Greetings my fellow gamers! For those unaware, Starcraft 2 is the biggest game of the RTS genre currently (and since its launch back in 2010), with the biggest playerbase and the largest amount of tournaments (and also the highest prize pools).
Today’s article is going to be focused on a list of things you can do to improve your skill on SC2. All you need to know before we dive deeper into a more detailed insight is this: it doesn’t matter if you have no gaming background on other Real Time Strategy games – if you put in the time and dedication required you will be able to get progressively better at StarCraft 2 and even be able to reach the GrandMasters league.
I will be basing my general tips on this article on my own experience – I’ll tell you guys a little bit more about it below.
My experience in RTS
Before I got started with Starcraft 2, I had never really played any other competitive RTS – my experience was limited to toying around versus bots on Age of Empires and the Warcraft franchise (mostly War2 and War3) when I was a little kid. My real gaming expertise was on the MOBA and MMO genre – and almost nothing from the skill sets that kind of games require transfer over to SC2.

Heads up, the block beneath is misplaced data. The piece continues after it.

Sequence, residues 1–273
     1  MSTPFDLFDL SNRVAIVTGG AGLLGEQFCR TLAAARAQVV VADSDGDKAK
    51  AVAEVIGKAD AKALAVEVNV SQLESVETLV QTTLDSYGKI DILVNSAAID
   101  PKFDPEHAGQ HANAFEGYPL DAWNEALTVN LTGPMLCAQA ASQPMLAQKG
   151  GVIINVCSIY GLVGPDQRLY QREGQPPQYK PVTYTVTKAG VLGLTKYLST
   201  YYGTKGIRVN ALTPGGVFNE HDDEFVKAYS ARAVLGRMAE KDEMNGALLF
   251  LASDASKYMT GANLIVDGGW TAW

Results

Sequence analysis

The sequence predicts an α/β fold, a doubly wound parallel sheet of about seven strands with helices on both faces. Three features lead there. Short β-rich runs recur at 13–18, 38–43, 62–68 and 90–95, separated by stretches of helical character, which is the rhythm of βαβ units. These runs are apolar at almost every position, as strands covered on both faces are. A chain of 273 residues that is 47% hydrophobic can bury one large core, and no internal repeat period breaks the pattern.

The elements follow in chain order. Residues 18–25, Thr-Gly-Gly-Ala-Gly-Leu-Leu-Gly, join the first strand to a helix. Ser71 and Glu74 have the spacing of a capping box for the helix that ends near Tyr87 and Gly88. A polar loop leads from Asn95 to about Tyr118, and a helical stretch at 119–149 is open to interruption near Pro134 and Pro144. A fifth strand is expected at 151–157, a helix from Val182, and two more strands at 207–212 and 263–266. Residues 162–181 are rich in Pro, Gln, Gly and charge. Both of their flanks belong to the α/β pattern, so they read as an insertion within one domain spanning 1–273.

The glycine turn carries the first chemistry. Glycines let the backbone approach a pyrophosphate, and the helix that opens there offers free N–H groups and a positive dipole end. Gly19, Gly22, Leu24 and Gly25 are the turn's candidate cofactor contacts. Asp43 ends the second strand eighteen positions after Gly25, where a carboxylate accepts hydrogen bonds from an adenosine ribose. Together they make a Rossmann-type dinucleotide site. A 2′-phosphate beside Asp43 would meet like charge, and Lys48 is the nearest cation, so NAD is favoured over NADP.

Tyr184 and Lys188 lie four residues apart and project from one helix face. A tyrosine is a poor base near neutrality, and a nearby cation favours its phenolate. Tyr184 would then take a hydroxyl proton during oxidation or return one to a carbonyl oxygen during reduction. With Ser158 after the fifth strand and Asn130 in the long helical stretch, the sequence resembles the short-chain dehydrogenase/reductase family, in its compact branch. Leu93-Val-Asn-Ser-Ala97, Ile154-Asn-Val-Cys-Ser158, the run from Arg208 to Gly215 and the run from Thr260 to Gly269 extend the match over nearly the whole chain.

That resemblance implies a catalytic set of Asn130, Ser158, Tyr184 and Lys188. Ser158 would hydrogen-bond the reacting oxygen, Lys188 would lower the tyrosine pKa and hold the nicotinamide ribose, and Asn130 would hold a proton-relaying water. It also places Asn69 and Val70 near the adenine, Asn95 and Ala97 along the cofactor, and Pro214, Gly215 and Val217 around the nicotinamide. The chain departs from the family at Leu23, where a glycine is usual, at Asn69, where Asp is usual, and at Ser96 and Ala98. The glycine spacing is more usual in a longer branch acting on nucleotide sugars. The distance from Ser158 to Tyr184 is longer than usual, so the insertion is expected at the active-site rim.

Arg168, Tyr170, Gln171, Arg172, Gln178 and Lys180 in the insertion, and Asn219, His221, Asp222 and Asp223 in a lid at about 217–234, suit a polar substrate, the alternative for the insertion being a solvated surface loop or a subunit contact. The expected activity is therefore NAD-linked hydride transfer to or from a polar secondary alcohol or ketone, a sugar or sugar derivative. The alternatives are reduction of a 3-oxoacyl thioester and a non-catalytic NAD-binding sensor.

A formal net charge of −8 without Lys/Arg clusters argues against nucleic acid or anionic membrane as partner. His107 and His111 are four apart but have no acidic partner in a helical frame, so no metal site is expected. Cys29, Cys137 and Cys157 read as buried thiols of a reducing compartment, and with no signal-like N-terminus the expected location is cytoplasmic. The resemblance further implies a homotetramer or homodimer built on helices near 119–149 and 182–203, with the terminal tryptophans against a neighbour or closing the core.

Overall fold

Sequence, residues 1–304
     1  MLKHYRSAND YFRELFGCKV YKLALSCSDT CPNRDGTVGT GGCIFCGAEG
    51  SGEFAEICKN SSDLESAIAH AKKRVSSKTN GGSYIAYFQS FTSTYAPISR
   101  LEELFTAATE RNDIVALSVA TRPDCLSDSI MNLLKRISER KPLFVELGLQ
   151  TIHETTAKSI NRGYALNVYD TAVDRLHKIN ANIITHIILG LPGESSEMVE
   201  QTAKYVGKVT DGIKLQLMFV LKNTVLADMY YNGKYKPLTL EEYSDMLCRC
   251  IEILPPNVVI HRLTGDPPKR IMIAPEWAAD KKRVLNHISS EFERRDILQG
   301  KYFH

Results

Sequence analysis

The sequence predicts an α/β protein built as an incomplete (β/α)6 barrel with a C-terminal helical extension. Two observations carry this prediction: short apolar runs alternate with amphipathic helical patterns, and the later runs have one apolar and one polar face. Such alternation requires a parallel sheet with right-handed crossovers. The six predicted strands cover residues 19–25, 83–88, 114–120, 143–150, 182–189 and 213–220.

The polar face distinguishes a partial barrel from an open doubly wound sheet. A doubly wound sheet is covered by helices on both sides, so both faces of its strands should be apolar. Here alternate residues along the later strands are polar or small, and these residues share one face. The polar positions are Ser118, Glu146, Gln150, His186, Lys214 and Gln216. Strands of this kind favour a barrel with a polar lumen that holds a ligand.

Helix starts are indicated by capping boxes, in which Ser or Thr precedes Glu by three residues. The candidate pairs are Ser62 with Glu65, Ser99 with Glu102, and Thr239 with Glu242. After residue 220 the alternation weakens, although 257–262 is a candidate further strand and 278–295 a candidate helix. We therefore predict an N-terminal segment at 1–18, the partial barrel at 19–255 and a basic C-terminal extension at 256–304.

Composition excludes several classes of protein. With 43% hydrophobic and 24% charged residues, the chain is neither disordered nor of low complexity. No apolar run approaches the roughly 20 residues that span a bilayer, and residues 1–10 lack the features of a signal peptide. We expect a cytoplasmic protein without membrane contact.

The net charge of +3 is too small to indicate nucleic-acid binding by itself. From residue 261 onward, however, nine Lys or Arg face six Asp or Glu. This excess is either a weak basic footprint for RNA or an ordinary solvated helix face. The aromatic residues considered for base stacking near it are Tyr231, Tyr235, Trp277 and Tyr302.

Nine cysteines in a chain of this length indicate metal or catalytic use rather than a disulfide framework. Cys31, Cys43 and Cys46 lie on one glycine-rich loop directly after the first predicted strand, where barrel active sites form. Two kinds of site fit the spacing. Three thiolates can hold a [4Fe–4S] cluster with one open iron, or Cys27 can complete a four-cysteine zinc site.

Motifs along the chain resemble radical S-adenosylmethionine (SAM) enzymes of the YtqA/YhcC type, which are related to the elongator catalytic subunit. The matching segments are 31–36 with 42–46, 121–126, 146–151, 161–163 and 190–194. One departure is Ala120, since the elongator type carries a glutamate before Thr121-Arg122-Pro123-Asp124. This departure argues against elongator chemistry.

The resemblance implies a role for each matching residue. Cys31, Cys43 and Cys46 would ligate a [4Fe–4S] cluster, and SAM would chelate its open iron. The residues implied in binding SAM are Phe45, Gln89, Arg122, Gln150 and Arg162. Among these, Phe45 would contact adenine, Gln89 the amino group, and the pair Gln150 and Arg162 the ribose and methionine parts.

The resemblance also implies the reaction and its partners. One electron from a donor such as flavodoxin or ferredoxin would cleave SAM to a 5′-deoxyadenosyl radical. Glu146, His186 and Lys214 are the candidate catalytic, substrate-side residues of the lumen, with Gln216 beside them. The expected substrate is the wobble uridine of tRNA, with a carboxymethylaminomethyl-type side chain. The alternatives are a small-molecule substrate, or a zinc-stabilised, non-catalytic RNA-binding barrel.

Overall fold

After dedicating some time focused on improving my mechanical and overall abilities on RTS, I managed to reach the top 1% of the North American server, despite starting out in Bronze League. It was an extremely fun and rewarding experience that I’d definitely recommend to anyone – the beauty about a 1v1 competitive esports is that you can clearly recognize your own improvement and progress as time goes by.
Don’t be discouraged from trying! I’ve heard a lot of people say they won’t give StarCraft 2 a try because the game is “too hard”. While the skill cap is absurdly high, you can play and have fun from the absolute lowest level, you don’t need high APM or insane micro skills to be able to enjoy the action. And also, the climb through the rankings is a lot of fun as well.
How can you get better in SC2?
In this section, I’ll list some of the things that helped me out the most during my journey from Bronze to High Masters (even got a little peak at GM for a while).
Watch your own replays after each match